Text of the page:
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Alternative forms[edit]


From Old French induracion (hardness, obstinacy), from Medieval Latin induratiō


  • IPA(key): /ɪndjʊˈɹeɪʃən/


induration (countable and uncountable, plural indurations)

  1. Hardness.
    • 1980. Anthony Burgess, Earthly Powers:
      The voice was harder than I had known, and not only in stony reaction to long floods of wholly just selfpity, also roughened with gin and smoke, perhaps also assimilated to New York induration, the hardness of culture as well as of pain.
  2. Process of becoming hard.
  3. (medicine) Hardening of an area of the body as a reaction to inflammation, hyperemia, or neoplastic infiltration.
  4. (medicine) An area or part of the body that has undergone such a reaction. Most often this term is used to describe dermatologic findings.
    • 2005. Kimura, et al. "Comparison of erythema and induration as results of tuberculin tests. Int J Tuberc Lung Dis. 2005;9(8):853-7. PMID 16104630:
      Both erythema and induration appear to be adequate indices of tuberculin sensitivity.
    • 2005. Race, et al. "Painful nodule with induration and spreading erythema." Baylor University Medical Center Proceedings. 2005;18(4):401–404:
      The erythema had spread to 20 cm, and the central induration had spread to 9 cm.
  5. (geology) The quality of non-friability; the extent to which a rock does not crumble; rock strength.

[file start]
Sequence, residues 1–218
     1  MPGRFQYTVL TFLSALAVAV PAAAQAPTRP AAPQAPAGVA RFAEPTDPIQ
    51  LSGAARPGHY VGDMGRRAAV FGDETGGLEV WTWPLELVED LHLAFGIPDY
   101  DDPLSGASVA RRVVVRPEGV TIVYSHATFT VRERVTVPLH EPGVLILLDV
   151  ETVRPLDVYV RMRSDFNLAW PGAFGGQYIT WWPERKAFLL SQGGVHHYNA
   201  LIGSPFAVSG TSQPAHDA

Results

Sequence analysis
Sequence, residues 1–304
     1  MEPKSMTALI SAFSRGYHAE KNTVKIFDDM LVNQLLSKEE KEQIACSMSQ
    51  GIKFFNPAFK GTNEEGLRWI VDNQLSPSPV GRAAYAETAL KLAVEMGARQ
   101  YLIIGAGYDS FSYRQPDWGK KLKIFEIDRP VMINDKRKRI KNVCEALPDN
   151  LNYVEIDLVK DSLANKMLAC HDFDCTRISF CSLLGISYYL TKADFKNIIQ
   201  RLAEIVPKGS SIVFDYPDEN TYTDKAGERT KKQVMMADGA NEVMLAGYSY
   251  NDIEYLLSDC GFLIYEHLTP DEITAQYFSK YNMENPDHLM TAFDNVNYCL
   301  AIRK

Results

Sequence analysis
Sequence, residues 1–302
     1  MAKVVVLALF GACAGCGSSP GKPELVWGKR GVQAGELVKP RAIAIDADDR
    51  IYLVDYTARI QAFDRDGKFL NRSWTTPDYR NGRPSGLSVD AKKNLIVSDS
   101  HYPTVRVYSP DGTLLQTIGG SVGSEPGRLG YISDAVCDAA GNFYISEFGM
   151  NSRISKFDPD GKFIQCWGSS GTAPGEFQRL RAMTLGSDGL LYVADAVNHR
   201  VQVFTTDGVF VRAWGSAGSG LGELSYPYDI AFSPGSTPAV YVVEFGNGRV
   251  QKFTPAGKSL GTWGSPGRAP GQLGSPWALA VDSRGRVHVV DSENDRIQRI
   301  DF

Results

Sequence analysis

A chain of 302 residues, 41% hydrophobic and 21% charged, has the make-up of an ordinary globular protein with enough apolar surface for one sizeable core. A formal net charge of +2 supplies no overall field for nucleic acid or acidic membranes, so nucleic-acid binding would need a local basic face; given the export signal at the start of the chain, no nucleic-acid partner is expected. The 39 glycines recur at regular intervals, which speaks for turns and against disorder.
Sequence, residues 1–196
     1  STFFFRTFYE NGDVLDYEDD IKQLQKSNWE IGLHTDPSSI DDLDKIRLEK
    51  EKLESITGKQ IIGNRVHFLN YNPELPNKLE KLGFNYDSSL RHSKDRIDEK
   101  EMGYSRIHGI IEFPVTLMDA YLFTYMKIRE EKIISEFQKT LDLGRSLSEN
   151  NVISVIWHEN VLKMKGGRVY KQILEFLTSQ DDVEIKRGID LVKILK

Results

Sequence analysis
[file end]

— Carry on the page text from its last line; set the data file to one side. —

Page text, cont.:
• "Induration is a measure of rock "strength" and is defined as the ratio of the measured frame modulus to the maximum frame modulus allowed by the Gassmann-Biot model." Spratt, R. S.; Goins, N. R. and Fitch, T. J. (1993) "Pseudo-shear — The analysis of AVO." Castagna, John P. and Backus, Milo M. (eds.) Offset-Dependent Reflectivity — Theory and Practice of AVO Analysis. Series: Investigation in Geophysics volume 8. Tulsa : Society of Exploration Geophysicistspp. 37-56, page 37, isbn 978-1-56080-059-0.
  6. (geology) The process of the strengthening of rocks by heating, compaction or cementation, or a combination thereof.
    • "Induration of carbonate rocks proceeds predominately in the early stages (prior to diagenesis) by compaction and expulsion of fluids." Whittaker, Alun (1985) Formation Evaluation: Geological Procedures Dordrecht : Springer Verlag page 104, isbn 978-94-010-8861-9.
    • "At a given degree of induration, massive rocks of sandstone, siltstone, and limestone are the strongest, while shaly rocks with more or less parallel, closely spaced separation surfaces created during sedimentation in thin layers are the weakest." Committee on Underground Coal Mine Safety (1982) Toward Safer Underground Coal Mines Washington, D.C. : National Academy Press, page 32, isbn 978-0-309-03298-8.



  • Induration, Merriam-Webster online.
  • Induation, In Random House Webster's Unabridged Dictionary. Random House, Inc. 2001. Page 975. →ISBN.